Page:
Video Transcript

Hi, this is Jeff Hicks. Today I want to show you some ways to use tools in Windows 7 to look at event logs. The first thing I want to show you is the graphical event log viewer that ships with Windows 7. Now there are a couple of ways you get this, go to Start | Administrative Tools | Event Viewer to launch it. I happen to like being quick and lazy and I open up Start | Run, and type eventvwr, click OK. Up will pop the Event Viewer, you will get the same Event Viewer no matter which choice you make.

The one thing you will notice right away in the new Windows 7 Event Viewer is the Summary of Administrative Events. I can look on my local machine and see what kind of warnings I have had. I have had eleven here in the past seven days. I can see what some of them are, I can double click it brings me then to a summary. These are all the Windows update errors I have had on my system in the past seven days. The event viewer shows me not only the classic event logs such as Application, System, and Security but also all the new event logs that ship from Microsoft for lots of other Windows related applications.

For example if I want to look at errors related to the DHCP client I can look at DHCP Events related to that. I can filter, say all I care about is warnings and errors, I'm not interested any of the events. For pretty much any of these Event Logs, I can come over here to Filter Current Log, I just want the ones in the past 30 days, I want errors and warnings, I do not care about the event source. I have already limited it to the DHCP log and click OK. And I have no errors in that regard. Let me change my filter and let's just do from any time, errors and warnings. There we go. So there are the errors and warning I have in the event log I filtered out all of the other non-errors and warnings.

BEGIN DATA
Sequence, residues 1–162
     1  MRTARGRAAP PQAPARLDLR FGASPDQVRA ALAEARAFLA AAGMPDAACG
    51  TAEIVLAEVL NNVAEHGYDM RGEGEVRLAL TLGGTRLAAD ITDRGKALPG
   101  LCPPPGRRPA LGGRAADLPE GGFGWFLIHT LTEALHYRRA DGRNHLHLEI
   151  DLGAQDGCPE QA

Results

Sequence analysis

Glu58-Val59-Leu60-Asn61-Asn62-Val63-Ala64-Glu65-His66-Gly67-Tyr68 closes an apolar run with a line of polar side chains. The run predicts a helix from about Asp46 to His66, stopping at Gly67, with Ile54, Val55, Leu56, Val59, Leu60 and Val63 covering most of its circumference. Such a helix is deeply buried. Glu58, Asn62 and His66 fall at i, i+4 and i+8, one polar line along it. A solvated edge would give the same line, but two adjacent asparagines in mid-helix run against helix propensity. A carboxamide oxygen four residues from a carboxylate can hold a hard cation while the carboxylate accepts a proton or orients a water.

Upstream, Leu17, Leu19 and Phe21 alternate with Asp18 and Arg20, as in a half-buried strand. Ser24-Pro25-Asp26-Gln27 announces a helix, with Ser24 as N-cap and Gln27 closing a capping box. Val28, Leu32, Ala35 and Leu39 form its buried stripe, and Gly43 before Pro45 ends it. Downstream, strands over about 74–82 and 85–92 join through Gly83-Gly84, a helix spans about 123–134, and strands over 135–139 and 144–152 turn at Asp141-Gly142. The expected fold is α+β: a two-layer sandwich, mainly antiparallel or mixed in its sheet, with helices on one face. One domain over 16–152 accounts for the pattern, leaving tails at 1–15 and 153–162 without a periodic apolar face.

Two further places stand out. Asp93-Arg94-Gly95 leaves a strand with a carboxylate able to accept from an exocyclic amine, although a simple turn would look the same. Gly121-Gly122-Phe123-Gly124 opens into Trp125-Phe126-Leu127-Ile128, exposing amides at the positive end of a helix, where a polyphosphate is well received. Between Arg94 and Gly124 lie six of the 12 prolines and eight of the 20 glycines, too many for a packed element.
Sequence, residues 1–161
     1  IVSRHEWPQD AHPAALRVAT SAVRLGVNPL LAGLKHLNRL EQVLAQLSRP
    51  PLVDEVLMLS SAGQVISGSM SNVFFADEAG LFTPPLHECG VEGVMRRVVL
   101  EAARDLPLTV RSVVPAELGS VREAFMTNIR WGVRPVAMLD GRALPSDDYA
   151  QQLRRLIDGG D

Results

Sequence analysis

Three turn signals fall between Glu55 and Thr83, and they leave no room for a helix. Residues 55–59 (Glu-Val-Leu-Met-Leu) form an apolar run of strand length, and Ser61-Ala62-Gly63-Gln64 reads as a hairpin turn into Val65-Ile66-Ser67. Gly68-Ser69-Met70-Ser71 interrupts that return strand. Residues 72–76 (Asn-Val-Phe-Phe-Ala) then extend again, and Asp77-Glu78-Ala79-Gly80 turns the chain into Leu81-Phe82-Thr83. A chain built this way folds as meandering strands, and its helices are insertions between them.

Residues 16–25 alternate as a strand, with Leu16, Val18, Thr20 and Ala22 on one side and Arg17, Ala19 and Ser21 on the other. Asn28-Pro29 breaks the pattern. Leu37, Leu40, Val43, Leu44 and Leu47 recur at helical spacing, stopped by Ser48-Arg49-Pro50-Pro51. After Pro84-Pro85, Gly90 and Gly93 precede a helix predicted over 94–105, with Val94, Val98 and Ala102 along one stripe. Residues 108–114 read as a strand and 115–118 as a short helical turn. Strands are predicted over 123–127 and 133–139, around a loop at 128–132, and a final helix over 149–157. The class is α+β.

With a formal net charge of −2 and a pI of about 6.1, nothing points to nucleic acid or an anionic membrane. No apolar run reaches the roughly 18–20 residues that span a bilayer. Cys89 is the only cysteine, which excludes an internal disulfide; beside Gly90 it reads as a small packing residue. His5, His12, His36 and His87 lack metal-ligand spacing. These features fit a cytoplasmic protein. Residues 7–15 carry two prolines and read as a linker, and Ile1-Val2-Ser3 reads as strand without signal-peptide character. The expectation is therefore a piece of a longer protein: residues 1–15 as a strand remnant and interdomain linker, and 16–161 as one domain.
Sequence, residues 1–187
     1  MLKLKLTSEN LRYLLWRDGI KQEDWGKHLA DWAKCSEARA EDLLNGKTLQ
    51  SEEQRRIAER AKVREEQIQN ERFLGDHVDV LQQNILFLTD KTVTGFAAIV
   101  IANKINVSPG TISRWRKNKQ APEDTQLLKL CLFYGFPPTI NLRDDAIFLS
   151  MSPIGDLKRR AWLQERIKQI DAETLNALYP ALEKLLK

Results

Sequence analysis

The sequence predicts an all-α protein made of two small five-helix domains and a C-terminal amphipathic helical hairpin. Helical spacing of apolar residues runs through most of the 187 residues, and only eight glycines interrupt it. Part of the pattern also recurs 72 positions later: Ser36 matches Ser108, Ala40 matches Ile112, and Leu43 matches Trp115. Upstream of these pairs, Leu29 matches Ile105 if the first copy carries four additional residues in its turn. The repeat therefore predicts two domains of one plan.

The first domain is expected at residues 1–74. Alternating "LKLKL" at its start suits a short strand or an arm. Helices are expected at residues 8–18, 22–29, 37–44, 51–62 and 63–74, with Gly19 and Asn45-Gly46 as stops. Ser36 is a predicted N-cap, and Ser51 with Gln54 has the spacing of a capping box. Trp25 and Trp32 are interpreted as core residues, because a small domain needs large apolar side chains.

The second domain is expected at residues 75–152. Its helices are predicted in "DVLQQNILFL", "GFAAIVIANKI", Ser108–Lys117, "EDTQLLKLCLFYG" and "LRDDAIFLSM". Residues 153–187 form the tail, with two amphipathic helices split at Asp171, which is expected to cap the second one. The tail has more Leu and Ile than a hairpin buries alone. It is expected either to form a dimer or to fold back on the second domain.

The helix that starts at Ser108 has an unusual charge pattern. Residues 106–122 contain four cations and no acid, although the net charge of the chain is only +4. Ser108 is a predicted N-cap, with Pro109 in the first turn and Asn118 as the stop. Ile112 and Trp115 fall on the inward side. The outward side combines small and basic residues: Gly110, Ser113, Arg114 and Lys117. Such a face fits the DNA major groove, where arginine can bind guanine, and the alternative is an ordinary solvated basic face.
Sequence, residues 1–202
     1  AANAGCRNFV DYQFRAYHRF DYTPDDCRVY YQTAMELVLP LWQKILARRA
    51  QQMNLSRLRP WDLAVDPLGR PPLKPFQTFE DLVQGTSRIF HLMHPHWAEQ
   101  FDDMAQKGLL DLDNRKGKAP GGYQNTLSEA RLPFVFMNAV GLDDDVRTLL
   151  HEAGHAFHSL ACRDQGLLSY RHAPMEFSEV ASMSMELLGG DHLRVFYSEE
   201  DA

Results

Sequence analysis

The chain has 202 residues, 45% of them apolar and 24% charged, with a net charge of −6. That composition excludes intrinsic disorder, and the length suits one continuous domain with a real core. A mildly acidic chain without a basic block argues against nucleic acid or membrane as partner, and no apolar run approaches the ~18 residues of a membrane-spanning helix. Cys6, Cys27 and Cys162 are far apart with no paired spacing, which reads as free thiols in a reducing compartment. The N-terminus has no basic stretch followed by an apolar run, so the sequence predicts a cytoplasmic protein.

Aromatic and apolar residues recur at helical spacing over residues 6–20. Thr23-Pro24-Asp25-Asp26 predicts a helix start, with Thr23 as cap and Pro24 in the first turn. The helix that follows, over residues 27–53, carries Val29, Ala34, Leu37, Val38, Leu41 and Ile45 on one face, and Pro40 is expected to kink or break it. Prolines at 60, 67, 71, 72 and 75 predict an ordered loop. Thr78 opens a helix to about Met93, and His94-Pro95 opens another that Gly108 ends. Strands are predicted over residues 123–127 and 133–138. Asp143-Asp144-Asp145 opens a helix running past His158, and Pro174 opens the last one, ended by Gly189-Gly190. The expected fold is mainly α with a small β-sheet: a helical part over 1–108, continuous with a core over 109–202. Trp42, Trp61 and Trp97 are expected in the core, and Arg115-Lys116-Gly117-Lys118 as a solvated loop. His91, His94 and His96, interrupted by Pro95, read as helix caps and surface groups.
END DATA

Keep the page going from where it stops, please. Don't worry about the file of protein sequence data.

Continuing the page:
I can also connect to a remote computer. Come up here. Select Computer. I'll connect to \\server01, click OK. Same thing, I have access to all of the event logs. These are all the logs on \\server01, again I can filter. What is nice about creating a filter, I can save it as a custom view.' For example, I want to see all the SQL events. Now because \\server01 happens to have SQL installed I can actually see all of the errors and warnings related to all the SQL related products on \\server01.

Another way we can look at event logs, is with PowerShell. There are two cmdlets we can use. We can use Get-Eventlog system -newest 10, to say show me on the system event log the newest ten errors. There they are. There is also Get-Winevent system -MaxEvents 10, which will also work with the older logs. The perimeters are set a little bit different. I am just going to return the ten most recent events if you look at Help Get-Eventlog you will see that there are some syntax options that I can use to filter. I want to find Get-Eventlog system -EntryType, error, warning -newest 10, filter interested in the source and the message. I see I have some errors coming from the Time Service, from the volsnap source and DCOM. I can do similar things with the help get-Winevent -examples cmdlet. I can format or look at the information in many different ways because I am dealing with objects.

To get information out of the winevent log requires a little more sophistication.' You have to use some XML formatting or hash tables so I can see down in an example right here. I can either query the Windows PowerShell and I can use either a hash table or I can create an XML filter or if I am proficient in XML and want to use XPath I can use that as well.

With Windows 7 I have a number of ways to mine all sorts of information from one or more remote computers either using the GUI or PowerShell. Thanks very much.